December 17, 2006

The Best Advent Ever

Gentle Reader: If you are a regular visitor to my blog, you know that the last week has been difficult for me. I want to personally thank each of you who have offered your prayers to God on my behalf.

My Aunt made it here on Thursday evening. She is now with her friend, Kathy in her final moments. I have visited Kathy several times this week, including today. She recognizes people but she has difficulty communicating verbally. Her breathing is very labored and she cannot keep food down at all. Even water is difficult for her. She is a skeleton. I don't think she weighs 80 pounds.

Friends, I was thinking that it is times like these when the things that really matter are brought into sharp relief. The most important things to me right now are: family, friends and faith. Shopping for Christmas gifts, fixing my pathetic Christmas tree, complaining about my job, obsessing about the cleanliness of my home, are meaningless. Why? Why, bother? Is any of that more important then praying over a dying friend? Trying to express to her what she has meant to me, to my family, for over 35 years? Words are not even enough. It's enough to just sit with her in silence, holding her hand and praying to God. Surrounding her with love and supporting her husband.

My relationship and reliance on God are never more important then the times when I am tested. Really tested. I have had other tough Advents. The other tough Advents also involved a critically ill, or dying, friend or family member. Yet, I was never closer to God and I felt He was never closer to me.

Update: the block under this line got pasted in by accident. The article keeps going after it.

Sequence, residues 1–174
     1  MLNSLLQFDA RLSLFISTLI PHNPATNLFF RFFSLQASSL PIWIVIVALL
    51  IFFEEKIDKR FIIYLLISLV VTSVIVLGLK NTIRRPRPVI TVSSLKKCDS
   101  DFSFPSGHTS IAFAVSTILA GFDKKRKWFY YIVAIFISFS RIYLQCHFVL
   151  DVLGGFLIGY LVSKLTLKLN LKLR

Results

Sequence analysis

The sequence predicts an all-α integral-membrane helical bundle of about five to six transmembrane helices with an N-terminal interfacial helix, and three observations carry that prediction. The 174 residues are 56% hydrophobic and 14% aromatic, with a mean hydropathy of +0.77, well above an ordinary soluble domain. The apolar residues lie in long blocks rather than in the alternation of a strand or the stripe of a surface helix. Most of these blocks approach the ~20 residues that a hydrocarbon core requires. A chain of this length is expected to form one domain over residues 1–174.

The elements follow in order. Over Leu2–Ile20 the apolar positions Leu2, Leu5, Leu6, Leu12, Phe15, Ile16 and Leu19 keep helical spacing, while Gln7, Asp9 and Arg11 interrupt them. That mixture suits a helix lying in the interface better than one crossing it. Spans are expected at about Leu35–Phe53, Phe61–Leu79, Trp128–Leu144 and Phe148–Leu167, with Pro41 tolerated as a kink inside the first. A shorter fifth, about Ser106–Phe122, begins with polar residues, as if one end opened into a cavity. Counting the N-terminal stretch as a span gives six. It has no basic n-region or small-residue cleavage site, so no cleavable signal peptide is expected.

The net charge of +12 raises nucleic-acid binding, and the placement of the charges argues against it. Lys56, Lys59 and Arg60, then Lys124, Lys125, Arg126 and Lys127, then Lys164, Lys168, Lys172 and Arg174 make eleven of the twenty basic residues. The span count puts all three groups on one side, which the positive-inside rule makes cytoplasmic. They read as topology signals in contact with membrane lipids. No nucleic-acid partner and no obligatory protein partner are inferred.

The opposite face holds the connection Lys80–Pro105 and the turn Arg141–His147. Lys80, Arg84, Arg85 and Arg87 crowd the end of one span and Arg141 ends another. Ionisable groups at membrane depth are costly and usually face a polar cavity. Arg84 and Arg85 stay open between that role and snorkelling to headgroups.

In today's StarTribune is the story of Father Tim Vakoc a Chaplain seriously wounded in Iraq 2 years ago. I read this story while I was sitting by my friend's bedside today. It's a very moving story of Father's courage and perserverance and the undying love and support of his family, friends and brothers in the faith. Father Vakoc would be written off by some in our society as a "vegetable", a worthless person. I think this story illustrates how valuable he is as he is.

I feel the same way about my dying friend, Kathy. She is horribly ill and she cannot communicate. Yet, every effort is made to include her in our lives as much as possible. She's still here. Her bed is in the middle of the living room. We sit around her and read, watch TV, listen to the radio, type on the computer, talk on the phone, sleep when she sleeps. It's WE who have to adjust to her. We have to change our lives to accomodate her. And that's o.k. After all, to incorporate God in our lives, really make time for Him, also requires that WE change does it not?

Advent is about waiting. Waiting for the Birth of Our Lord and Savior. To me, this year, Advent is the Passion and the Nativity. It is awaiting the Birth of Our Lord but it is also witnessing the suffering and death of a friend. I pray that my friend will have an Easter waiting for her when her earthly life is done.

I think I misspoke the other day. This could be one of the best Advents ever.


Blogger Adoro said...

What a beautiful post. Your friend is indeed in my prayers, as are you.

Amazing what God uses to get through to us, isn't it?

December 17, 2006 7:24 PM  
Anonymous Anonymous said...


December 17, 2006 9:49 PM  
Blogger Unknown said...


December 18, 2006 8:29 AM  
Anonymous Anonymous said...

It is indeed a grace and an Advent gift for you and your aunt to be able to do this Corporal Work of Mercy for her friend, visiting and caring for her. I know that your presence with her helps her to see Christ, preparing her for her eternal home.

You remain in my prayers.

PS I have had a lot of trouble posting on some blogs too--it IS good to know it is not just my problem!

December 19, 2006 5:58 AM  

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